FAQs

Q?

“What will the weather be like?” | Expect anything.

A.

June, July and early August are Alaska’s prime summer season. The weather can be very warm, in the 70’s or 80’s Fahrenheit, or it can be rainy and in the mid 50’s. Either way, expect mid 50’s in the morning and hope for warmer temperatures throughout the day. It’s always best to pack a few light weight versatile layers.

The midnight sun does indeed shine at Talaheim’s Alaska Fishing Lodge. During June and July, expect a full 20 hours of daylight. But by the 10th of August, Alaska’s fall arrives and we’ll start losing daylight. During this timeframe, our temperatures can drop to the 30’s in the early mornings, warming to the low 70’s throughout the day. August and September are known to be rainy. If rain occurs, expect temperatures in the 40’s throughout the day.

Q?

“Will there be lots of bugs?” | Why of course.

A.

What would an Alaska fishing adventure be without bugs? Our mosquito’s arrive in mid-June and thrive through July, unless the weather heats up. Most of our fishing is done in open areas, so if the weather is warm, the bugs won’t be a problem. However, if it’s overcast or wet, expect bugs. By August our mosquitoes are gone–just in time for the arrival of our no-see-ums! So either way, expect bugs.

If you don’t like flying insects, Cabela’s sells a great variety of bug headnets; or just bring a can of mosquito spray and you should be fine.

Q?

“What type of fishing equipment should I bring?” | Well, that’s a loaded question.

A.

Most fly fishermen bring two rods: a 9 foot #5 or #6 for trout, char, and grayling, and a 9 foot #8 or #9 for salmon. If you’re targeting king salmon on a fly, you might consider a stiff #10 rod with 100 yards of backing. Many of our king salmon fly fishermen are “swinging,” using double handed fly rods with Skagit heads and sink tips.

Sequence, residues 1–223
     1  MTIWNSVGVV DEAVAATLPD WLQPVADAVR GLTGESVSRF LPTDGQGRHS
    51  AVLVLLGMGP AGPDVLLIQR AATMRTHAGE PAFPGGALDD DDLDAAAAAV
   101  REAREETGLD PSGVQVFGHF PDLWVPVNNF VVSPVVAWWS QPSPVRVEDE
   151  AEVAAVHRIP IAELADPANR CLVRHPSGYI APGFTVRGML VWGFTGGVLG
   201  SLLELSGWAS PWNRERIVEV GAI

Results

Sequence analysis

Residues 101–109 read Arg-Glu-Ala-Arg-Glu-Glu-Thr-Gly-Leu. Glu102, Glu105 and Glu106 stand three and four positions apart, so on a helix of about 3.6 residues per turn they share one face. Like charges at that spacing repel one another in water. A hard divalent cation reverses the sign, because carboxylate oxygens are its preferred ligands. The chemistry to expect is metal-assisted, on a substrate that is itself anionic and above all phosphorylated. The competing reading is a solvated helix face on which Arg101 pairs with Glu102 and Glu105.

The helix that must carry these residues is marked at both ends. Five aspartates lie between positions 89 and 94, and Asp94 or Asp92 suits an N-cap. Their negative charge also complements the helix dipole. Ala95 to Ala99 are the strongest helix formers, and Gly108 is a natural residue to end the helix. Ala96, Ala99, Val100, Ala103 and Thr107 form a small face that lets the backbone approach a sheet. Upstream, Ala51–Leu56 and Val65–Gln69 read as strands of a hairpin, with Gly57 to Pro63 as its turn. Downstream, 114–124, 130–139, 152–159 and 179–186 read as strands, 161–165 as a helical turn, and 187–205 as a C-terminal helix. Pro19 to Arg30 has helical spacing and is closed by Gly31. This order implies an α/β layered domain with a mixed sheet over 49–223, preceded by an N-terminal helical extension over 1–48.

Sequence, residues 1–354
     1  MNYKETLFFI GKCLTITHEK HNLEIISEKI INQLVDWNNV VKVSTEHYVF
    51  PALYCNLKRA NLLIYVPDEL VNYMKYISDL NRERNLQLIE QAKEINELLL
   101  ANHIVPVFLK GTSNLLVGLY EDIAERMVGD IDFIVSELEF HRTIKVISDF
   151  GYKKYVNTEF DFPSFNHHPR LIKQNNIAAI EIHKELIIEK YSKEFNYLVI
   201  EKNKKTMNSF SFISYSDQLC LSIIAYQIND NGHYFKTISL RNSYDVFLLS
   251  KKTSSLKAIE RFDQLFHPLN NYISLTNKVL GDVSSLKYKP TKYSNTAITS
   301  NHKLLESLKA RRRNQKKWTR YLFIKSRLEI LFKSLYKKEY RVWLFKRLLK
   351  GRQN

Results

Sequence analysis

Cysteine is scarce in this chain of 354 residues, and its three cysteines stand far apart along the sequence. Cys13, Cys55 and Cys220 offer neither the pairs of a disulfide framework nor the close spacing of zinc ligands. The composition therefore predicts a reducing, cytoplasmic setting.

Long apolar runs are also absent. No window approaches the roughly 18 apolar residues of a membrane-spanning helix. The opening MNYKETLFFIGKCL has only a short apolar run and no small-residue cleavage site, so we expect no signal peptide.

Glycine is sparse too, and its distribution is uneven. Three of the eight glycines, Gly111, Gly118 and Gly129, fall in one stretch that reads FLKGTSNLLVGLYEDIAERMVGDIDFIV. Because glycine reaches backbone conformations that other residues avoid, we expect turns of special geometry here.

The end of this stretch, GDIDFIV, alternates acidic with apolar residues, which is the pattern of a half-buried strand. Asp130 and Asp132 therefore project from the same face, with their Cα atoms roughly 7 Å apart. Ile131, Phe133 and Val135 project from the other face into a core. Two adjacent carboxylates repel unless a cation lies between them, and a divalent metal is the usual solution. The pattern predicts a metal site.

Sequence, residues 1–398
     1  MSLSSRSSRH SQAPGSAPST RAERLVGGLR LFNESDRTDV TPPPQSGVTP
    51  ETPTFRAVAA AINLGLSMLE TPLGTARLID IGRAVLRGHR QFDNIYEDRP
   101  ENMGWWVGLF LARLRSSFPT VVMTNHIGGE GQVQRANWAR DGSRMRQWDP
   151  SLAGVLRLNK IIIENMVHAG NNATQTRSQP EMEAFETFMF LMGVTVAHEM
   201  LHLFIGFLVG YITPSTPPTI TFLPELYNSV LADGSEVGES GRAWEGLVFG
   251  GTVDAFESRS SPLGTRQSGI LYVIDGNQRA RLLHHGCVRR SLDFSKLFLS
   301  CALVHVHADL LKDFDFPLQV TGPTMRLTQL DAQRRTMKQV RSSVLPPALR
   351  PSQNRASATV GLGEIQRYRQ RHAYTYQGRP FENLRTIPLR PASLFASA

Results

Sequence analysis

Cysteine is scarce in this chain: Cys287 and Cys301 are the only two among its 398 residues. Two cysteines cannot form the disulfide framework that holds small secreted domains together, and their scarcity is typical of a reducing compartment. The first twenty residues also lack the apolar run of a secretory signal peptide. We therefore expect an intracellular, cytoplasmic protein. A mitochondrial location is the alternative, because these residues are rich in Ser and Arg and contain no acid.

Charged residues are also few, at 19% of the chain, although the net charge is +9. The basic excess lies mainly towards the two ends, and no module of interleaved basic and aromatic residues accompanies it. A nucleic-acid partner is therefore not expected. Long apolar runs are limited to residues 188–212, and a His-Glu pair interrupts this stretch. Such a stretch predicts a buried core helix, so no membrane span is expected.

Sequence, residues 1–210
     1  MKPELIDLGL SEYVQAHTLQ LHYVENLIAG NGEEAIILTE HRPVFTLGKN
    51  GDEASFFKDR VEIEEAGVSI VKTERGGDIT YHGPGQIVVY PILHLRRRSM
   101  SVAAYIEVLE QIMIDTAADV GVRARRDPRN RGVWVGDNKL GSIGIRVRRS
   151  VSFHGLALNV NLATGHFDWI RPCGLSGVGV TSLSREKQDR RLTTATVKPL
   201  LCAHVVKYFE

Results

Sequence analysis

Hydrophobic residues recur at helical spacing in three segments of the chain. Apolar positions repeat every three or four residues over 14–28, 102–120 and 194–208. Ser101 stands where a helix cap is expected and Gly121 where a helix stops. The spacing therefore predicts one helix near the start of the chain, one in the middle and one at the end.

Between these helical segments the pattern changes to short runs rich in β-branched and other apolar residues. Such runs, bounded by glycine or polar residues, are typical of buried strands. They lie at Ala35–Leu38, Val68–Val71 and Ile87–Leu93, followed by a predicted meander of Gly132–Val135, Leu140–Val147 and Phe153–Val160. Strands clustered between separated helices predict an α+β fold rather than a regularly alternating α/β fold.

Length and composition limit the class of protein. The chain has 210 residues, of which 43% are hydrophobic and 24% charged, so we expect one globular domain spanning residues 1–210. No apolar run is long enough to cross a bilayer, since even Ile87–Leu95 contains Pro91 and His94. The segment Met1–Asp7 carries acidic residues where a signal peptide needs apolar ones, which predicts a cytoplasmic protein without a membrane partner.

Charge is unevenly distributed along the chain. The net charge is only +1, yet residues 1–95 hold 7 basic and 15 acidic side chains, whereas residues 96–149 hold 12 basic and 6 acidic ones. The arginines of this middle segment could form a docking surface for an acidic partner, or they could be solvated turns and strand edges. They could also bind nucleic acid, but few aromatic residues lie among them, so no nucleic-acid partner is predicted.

We have an assortment of rods available for our guests use, such as: #5, #6, #9 Temple Fork Outfitters fly rods and Ross fly reels, as well as Temple Fork Outfitters spinning gear. In addition, we also carry double handed rods. Please let us know prior to arriving should you want to utilize our fishing equipment.

Make sure to bring a sink tip and floating line for both rods. Most of our Alaska trout fishing is done with floating lines, with the occasional use of split shot in order to access the deeper fish. Alaska silver salmon typically bite on the water’s surface, so if you’re coming during silver salmon season bring some floating line for your salmon rod. Full sink lines are not necessary, but allow for 30 yards or more of backing for trout reels, and at least 100 yards of backing for the salmon reel.

Q?

“Can you tell me about rain gear, there are lots of choices.” | Our pleasure!

A.

Raingear is a necessity. We suggest a waterproof shell with hood or Gortex raingear with hood. Please note, ski or golf jackets typically aren’t an adequate means of protection in our Alaskan rain.

Other useful items may include: fingerless gloves, especially for August or September; a brimmed hat to keep off the glare; polarized sunglasses to protect from the sun (and wildly casted hooks!); a Buff Style neck wrap to offer sun and bug protection.

Q?

“What’s the deal with fishing waders? Do you provide them?” | Yes, but…

A.

Alaska’s Talaheim Fishing Lodge offers waders and wading boots in a variety of sizes for our guests use. However, please let us know prior to arriving should you want to utilize our waders, and provide your body and shoe size.

If you're bringing your own waders, please note that felt bottoms are illegal in Alaska. We suggest breathable waters with rubber bottom boots equipped with cleats or studs. Brands we tend to use and therefore suggest are Simms, Patagonia, Hodgeman andCabela’s.